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Training Can Improve Memory for Those with Cognitive Deficits

By Associate News Editor
Reviewed by John M. Grohol, Psy.D. on March 2, 2012

Training Can Improve Memory for Those with Cognitive DeficitsIf you have trouble remembering where your car keys are, new research shows that a memory training strategy can help.

Memory training can even re-engage the hippocampus, part of the brain critical for memory formation, said researchers at Emory University School of Medicine and Atlanta Veterans Affairs Medical Center, who have been investigating memory-building strategies for people with mild cognitive impairment (MCI). The techniques used in the study were known to be effective for healthy people, but it has been uncertain how they could affect brain function in people with MCI, the researchers note.

“Our results suggest that these strategies can help patients remember specific information, such as the locations of objects,” said lead author Benjamin Hampstead, Ph.D., assistant professor of rehabilitation medicine at Emory University and a clinical neuropsychologist.

“This is the first randomized controlled trial to show that these techniques are not only effective in MCI patients, but that they can also re-engage the hippocampus, which is a brain region that is critical for forming new memories.”

MCI is a diagnosis meant to identify those at increased risk of Alzheimer’s disease. People with MCI have difficulty forming new memories but are still able to handle the tasks of daily living. The difficulty learning and remembering new information is because of impaired function in parts of the brain, including the hippocampus, the researchers explain.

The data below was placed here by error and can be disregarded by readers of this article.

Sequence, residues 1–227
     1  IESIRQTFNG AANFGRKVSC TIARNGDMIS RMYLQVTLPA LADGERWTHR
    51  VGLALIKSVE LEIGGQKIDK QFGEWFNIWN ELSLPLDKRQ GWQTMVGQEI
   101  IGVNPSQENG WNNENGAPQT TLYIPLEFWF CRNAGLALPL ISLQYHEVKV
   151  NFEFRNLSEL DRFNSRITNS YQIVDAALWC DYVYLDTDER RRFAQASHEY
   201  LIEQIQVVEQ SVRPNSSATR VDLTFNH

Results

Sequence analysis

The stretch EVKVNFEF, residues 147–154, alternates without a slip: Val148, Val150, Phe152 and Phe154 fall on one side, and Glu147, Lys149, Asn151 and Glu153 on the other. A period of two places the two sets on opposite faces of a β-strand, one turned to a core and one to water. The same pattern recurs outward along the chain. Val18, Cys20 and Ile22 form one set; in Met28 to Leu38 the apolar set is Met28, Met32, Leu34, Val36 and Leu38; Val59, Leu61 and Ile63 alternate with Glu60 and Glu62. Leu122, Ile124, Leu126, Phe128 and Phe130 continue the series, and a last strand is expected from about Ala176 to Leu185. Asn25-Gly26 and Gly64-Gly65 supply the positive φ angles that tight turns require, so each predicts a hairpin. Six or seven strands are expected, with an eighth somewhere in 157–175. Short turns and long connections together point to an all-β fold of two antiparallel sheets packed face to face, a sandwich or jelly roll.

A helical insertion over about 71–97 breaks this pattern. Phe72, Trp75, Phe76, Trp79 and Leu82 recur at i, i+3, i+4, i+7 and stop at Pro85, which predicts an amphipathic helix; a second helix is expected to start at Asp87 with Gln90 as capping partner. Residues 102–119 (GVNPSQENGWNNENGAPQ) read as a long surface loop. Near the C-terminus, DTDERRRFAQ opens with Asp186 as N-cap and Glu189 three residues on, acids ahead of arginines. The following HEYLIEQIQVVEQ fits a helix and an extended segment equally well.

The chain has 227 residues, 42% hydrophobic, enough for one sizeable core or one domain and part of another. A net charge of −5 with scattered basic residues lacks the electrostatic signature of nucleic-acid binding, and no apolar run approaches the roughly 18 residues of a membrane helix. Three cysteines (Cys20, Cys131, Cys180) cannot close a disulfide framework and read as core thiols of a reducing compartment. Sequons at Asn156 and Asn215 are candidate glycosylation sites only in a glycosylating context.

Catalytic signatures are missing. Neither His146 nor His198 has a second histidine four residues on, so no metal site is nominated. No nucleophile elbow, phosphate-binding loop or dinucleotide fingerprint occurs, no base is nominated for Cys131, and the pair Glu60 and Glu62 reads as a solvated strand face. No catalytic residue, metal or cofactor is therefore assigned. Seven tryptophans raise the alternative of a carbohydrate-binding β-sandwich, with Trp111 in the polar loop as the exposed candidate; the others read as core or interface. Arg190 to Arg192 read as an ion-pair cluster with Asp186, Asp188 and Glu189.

The study focused on how well participants could remember the locations of common household objects. The memory-building strategy involves three steps. First, participants focused on a feature of the room that stood out and was close to the object, then they heard a short explanation for why the object was in that location. Finally, they created a mental picture to tie the information together.

In several sessions, participants were shown household objects one at a time, each object followed by its location in a computer-simulated room. An hour later, they were asked to identify the location of each object from among three choices.

After the first visit, participants returned to the laboratory for three training sessions. On a fifth visit two weeks later, they were evaluated on how well they could remember the objects’ locations. A control group received the same amount of exposure to the objects and their locations, but was not given explicit training.

At the start of the study MCI patients had more difficulty remembering where objects were and showed less brain activity in the hippocampus (measured through functional magnetic resonance imaging) when compared with healthy people.

Both people with MCI and healthy controls benefitted significantly more from using memory strategies than from mere exposure. In addition, MCI patients in the memory strategy-training group showed increased activity in the hippocampus as they learned and remembered the location of the objects.

Participants in the training group showed increases in hippocampal activity, even when trying to remember the locations of new objects.

The Emory/VA team also tested the effectiveness of the memory-building techniques for associating faces and names in another set of studies. They are continuing the study of the memory-building techniques, with the aim of determining how long the benefits of training last, and whether participants can use the strategies independently outside the laboratory.

The research is published online in the journal Hippocampus.

Source: Emory University

 

APA Reference
Wood, J. (2012). Training Can Improve Memory for Those with Cognitive Deficits. Psych Central. Retrieved on October 21, 2014, from http://psychcentral.com/news/2012/03/02/training-can-improve-memory-for-those-with-cognitive-deficits/35502.html